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Discussion Starter · #1 ·
Just based off of the title alone, many of you can easily see where this is going to head. I know I'm not the only one who's sick and tired of looking at a pop singer (for this first example we're going to look at Whitney Houston) and seeing in the comment section, "OMG Everbody this is a pure spinto soprano, at her peak! Listen to her SUPER HEAD NOTES (pure idiocy at it's finest) and how smooth she bridges her operatic/church training to mix her chesty low notes to sound more soulful!" I know I'm not the only one to see a vocal range video and they come up to the idiotic conclusion that said the example is a "Spinto Soprano," despite not having any formal education in the Vocal arts whatsoever or having 8+ years of training into the world of Opera.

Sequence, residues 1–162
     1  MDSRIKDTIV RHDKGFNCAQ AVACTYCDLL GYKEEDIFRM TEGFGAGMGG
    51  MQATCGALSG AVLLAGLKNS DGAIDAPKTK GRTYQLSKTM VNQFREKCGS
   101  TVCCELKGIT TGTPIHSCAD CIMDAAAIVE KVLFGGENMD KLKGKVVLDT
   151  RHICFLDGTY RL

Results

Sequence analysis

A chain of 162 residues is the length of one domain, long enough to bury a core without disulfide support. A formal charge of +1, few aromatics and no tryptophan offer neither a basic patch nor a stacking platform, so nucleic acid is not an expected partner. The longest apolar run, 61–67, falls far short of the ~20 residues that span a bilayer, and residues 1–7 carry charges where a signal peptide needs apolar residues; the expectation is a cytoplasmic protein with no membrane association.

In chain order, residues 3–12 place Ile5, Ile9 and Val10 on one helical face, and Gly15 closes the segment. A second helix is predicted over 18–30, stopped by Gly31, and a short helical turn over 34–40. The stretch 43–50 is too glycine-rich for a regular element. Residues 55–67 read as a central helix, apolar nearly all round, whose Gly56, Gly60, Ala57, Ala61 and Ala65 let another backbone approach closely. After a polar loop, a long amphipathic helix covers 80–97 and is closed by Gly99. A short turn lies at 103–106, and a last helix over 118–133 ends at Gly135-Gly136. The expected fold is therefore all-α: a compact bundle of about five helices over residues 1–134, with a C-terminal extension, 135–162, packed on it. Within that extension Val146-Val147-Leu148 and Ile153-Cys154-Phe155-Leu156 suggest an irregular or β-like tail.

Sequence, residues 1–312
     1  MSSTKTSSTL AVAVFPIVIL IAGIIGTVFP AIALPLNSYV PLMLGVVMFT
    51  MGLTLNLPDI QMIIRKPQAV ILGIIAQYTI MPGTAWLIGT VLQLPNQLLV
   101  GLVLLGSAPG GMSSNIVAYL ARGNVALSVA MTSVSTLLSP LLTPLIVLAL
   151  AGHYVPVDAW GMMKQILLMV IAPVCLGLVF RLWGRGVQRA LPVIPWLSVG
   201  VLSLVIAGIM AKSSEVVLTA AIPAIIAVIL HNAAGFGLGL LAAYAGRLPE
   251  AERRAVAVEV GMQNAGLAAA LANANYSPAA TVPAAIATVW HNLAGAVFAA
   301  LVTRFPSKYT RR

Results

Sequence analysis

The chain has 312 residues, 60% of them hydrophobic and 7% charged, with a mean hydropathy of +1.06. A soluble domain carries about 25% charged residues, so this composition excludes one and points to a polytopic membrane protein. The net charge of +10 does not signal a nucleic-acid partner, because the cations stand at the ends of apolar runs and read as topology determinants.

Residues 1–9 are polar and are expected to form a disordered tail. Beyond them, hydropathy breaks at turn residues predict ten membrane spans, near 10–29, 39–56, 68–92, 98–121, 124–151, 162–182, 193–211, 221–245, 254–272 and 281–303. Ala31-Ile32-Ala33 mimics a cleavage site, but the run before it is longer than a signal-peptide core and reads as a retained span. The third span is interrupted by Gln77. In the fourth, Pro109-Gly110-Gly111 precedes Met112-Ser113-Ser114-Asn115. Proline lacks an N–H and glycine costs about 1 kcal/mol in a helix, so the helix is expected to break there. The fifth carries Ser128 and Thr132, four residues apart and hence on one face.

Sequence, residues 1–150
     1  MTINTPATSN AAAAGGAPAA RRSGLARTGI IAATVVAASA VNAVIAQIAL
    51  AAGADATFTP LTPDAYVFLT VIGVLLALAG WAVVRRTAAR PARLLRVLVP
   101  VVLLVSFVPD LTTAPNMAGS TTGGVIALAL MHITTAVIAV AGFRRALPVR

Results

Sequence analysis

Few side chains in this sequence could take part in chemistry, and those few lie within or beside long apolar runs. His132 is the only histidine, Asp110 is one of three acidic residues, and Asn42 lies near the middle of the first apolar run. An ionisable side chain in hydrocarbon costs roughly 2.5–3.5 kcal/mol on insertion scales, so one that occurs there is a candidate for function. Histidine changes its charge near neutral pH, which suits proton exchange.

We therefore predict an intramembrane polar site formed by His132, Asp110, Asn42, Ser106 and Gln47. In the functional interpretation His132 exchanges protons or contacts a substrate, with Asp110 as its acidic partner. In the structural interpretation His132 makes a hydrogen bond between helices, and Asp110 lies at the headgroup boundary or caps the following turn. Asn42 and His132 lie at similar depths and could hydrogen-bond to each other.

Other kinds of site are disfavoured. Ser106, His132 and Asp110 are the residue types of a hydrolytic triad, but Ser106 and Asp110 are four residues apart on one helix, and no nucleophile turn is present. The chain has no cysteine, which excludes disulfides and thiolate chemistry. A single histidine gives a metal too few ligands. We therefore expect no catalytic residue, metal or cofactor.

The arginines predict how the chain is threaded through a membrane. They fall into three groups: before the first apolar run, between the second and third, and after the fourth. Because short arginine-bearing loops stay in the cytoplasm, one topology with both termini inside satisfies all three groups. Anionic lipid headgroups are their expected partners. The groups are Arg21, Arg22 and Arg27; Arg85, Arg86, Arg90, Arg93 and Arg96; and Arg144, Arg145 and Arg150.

This thread's purpose is to discuss how said application to a Pop singer is disrespectful to the masters of the Vocal arts but even more an insult to all who claim to love Music.

To see this in action, here's a video (or two) of other examples being given classification such as "Spinto Soprano" or "Lyric-Coloratura Contralto" or even something as stupid as a "Mezzo-Soprano Contralto". Viewer Discretion is advised.... against the idiots that's going to claim such craziness of a "Spinto" or "Pop diva Assoluta"



 

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But those definitions aren't just a definition of the range of the singer? I mean Mariah Carey is the complete opposite of what I like in a singer but what's the problem in defining her range? That does not have anything to do with her quality as a singer.
 

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Discussion Starter · #6 ·
But those definitions aren't just a definition of the range of the singer? I mean Mariah Carey is the complete opposite of what I like in a singer but what's the problem in defining her range? That does not have anything to do with her quality as a singer.